Power crisis

Sunday, October 26, 2008

Sunday, October 26, 2008
It is well known that more than 30 per cent of electricity produced is lost due to theft. Many times I have seen 'kundas' (wires connected to overhead cables) providing electricity to houses. But this is not the only way of stealing electricity. Another way is to remove the neutral wire from the metre, and connect it inside the house to an earth outlet, like a water pipe.

By doing so, the electricity flows only one way through the metre, which does not record the consumption. For three or four days in a month, the neutral in the metre is restored, so that the metre records usage only during this period.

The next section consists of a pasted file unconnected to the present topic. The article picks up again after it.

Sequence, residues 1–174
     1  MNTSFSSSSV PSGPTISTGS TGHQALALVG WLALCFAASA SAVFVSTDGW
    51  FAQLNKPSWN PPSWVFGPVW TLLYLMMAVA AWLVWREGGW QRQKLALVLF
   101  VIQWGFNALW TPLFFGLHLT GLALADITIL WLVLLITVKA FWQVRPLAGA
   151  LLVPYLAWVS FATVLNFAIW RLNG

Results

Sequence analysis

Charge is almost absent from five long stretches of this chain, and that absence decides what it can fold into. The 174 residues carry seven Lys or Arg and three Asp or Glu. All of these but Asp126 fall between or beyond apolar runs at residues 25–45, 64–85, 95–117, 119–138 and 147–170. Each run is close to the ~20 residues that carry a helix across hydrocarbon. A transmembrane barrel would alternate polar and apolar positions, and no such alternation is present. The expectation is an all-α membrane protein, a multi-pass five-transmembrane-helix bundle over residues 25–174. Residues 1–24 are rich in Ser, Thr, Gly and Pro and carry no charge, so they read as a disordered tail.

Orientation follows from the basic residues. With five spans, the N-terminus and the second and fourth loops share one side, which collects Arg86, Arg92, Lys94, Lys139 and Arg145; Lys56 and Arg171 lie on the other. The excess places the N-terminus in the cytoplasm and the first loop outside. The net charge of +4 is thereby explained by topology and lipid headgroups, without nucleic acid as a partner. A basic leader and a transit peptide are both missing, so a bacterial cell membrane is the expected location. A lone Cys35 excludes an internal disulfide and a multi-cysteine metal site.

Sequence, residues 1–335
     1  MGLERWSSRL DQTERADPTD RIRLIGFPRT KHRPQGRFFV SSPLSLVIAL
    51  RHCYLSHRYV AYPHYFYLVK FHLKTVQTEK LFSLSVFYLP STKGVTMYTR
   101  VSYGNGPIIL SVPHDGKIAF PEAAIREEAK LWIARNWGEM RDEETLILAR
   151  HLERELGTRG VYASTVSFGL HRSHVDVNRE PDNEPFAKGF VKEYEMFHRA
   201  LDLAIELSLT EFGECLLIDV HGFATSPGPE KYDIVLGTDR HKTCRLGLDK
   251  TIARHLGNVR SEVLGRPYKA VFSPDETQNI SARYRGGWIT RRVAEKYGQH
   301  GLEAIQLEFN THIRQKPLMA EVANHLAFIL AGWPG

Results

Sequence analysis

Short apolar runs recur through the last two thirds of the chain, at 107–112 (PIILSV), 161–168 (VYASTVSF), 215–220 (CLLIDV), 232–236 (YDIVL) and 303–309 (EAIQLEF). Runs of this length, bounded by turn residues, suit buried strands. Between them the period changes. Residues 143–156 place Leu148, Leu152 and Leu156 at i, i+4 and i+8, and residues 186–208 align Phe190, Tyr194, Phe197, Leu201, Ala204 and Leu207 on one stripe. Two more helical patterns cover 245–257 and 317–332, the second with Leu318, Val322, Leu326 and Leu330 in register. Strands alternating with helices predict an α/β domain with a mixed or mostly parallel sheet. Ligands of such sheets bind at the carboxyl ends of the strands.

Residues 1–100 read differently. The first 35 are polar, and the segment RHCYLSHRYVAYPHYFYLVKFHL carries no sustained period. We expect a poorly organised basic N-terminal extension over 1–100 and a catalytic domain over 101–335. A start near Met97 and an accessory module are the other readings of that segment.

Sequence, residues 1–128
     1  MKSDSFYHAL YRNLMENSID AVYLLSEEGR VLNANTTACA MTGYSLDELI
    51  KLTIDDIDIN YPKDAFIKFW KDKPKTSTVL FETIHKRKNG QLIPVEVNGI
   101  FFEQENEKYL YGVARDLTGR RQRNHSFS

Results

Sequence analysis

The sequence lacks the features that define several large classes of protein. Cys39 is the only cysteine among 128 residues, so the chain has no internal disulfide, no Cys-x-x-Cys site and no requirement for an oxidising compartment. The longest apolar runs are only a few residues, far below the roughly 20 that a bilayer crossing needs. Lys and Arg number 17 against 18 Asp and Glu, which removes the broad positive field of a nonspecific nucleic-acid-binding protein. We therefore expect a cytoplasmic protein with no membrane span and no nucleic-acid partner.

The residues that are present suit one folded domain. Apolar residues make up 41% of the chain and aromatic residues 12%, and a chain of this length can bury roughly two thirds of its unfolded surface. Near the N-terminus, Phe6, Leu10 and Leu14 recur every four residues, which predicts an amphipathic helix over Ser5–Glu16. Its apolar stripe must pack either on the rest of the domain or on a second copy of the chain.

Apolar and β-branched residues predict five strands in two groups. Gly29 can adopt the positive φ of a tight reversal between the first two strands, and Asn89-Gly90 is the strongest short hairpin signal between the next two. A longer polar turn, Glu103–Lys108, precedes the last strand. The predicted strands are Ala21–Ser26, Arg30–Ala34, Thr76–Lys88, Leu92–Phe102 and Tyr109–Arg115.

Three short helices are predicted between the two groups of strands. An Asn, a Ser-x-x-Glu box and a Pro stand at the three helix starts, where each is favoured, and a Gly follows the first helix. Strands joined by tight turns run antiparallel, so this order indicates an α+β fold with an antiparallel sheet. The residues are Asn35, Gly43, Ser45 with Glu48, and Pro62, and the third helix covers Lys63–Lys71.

Maybe this is why there are thousands of consumers who get bills for less than a hundred units every month (despite using air conditioners and refrigerators). The KESC female staff (accompanied by male technicians and a magistrate, if necessary) should be allowed to inspect such premises and stop this robbery.

The power company staff should also check whether metres are recording actual consumption or not. Linemen routinely offer residents to rig their metres so that only a third of the consumption is recorded, the money thus saved to be shared equally between the consumer and the lineman.

Shakir Lakhani
the power crisis